By Tom LaMarra
Al and Michelle Crawford Racing’s Shaft of Light, conditioned by leading Monmouth Park trainer Jorge Navarro, hopes to parlay his romp in a $50,000 stakes at Hollywood Casino at Charles Town Races into a victory in the $100,000, grade III Salvator Mile May 26 at Monmouth.
The Salvator Mile is the first of five races in the MATCH Series 3-Year-Olds and Up Long-Dirt Division. Monmouth will host seven MATCH Series races, including another two in the division. The race also attracted Sunny Ridge, a Jason Servis trainee owned and bred in New Jersey by Dennis Drazin, Chief Executive Officer of Darby Development, which operates Monmouth on behalf of the New Jersey Thoroughbred Horsemen’s Association.
Shaft of Light, a 7-year-old Smart Strike gelding, has a win and a second at Monmouth. In his last start April 21 at Charles Town, he won the seven-furlong Russell Road Stakes by 5 1/4 lengths on the lead throughout. That race was around two turns, and Shaft of Light has two wins and a third in four starts at the one-mile distance.
Navarro, who has 11 wins in 23 starts at the Monmouth meet, after the Charles Town race said Shaft of Light “goes nuts” when he doesn’t make the early lead. He drew inside of Derrick Smith’s Chip Leader, another confirmed front-runner who is one-for-one at Monmouth for trainer Todd Pletcher and last out finished second in the grade III Ben Ali Stakes at Keeneland April 14.
Sunny Ridge, a winner of $954,402 in 16 races, has two wins in three starts at Monmouth. In his last start April 20-his first start of the year-at Aqueduct Racetrack, he finished second in an allowance race at one mile. In his previous start last June, the 5-year-old Holy Bull gelding finished second in the grade II Brooklyn Stakes at Belmont Park.
Also entered in the Salvator Mile is Adam Staple and Jalin Stable’s Page McKenney, who has earned more than $1.8 million in 55 starts. The former claimer, a Pennsylvania-bred trained by Maryland-based Mary Eppler, passed on a few stakes at Pimlico Race Course Preakness weekend and would make his Monmouth Park debut.
The Salvator Mile is the 11th race on a 13-race Monmouth program that features four stakes. First post time is 12:50 p.m. EDT.
By Tom LaMarra
Page McKenney has made the rounds in the Mid-Atlantic region during his 56-race career, but until May 26 the 8-year-old Pennsylvania-bred gelding hadn’t raced at Monmouth Park.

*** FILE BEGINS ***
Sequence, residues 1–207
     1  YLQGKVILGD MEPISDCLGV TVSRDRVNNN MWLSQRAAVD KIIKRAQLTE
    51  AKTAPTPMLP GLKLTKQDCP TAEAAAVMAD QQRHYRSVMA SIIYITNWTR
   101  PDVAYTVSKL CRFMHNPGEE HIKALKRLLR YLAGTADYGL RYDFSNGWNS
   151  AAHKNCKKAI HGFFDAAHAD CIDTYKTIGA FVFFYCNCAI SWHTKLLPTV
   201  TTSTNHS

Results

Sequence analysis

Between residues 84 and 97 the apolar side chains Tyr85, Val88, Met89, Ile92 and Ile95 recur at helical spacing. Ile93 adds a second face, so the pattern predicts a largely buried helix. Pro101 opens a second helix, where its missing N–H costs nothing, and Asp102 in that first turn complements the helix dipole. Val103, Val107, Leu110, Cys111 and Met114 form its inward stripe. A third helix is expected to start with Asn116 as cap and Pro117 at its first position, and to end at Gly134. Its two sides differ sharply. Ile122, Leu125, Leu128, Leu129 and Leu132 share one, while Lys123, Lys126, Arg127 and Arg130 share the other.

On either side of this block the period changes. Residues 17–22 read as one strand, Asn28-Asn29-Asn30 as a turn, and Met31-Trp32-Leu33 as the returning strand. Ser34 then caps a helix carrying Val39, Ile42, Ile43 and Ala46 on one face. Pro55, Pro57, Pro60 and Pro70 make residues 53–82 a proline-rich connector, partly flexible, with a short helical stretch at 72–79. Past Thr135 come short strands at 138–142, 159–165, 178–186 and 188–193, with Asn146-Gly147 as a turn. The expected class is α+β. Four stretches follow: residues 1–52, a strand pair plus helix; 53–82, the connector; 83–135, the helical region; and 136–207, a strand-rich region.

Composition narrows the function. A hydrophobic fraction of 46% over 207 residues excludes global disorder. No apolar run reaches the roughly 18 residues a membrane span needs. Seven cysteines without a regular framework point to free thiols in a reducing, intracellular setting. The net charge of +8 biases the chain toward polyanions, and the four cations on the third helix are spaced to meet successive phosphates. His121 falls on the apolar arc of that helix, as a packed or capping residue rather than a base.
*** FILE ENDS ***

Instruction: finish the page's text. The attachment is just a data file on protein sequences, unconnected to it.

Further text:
His first start at the New Jersey track produced the 22nd victory of his career and pushed his earnings closer to the $2 million mark for owners Adam Staple and Jalin Stable and Maryland-based trainer Mary Eppler. It came in the $100,000, grade III Salvator Mile, the first of five races in the MATCH Series 3-Year-Olds and Up Long–Dirt Division.
Page McKenney had last raced March 31 at Gulfstream Park, where Eppler had a string this winter. He was nominated for a few stakes but the trainer opted to wait until the one-mile Salvator Mile, and it paid off with a $60,000 payday.
“I was always afraid to try him at Monmouth because it’s always speed-holding,” Eppler said. “Now, we’ll have to look at the other races in the MATCH Series for him. ‘Page’ is ‘Page.’ He has done this before, like his races at Parx last year–it was the exact same race today.”
Horacio Karamanos, regular rider of Page McKenney, got the gelding away in fourth in a seven-horse field and sat several lengths off leading Shaft of Light and Sunny Ridge, who tracked him in second through an honest pace. Sunny Ridge collared Shaft of Life turning for home as Page McKenney altered to the outside and slowly began to gain on the top two.
Page McKenney edged past late to win by a half-length over a stubborn Shaft of Light. Sunny Ridge, the New Jersey-bred gelding who is closing in on the $1 million mark in earnings, finished 1 1/2 lengths behind Shaft of Light.
The final time for the mile on a fast track was 1:36.49. Page McKenney paid $17.60 to win as the fourth choice.
“I tried to be closer to the pace this time,” Karamanos said. “He was on the bit really easy. I didn’t want to be inside (heading into the stretch) so I swung out. It was tough because those top two horses weren’t really stopping. I’ve ridden a lot of nice horses, but this horse is my favorite. He had tendon problems three years ago and he came back. He’s all heart.”
Page McKenney was bred by Dr. James Bryant and Linda Davis.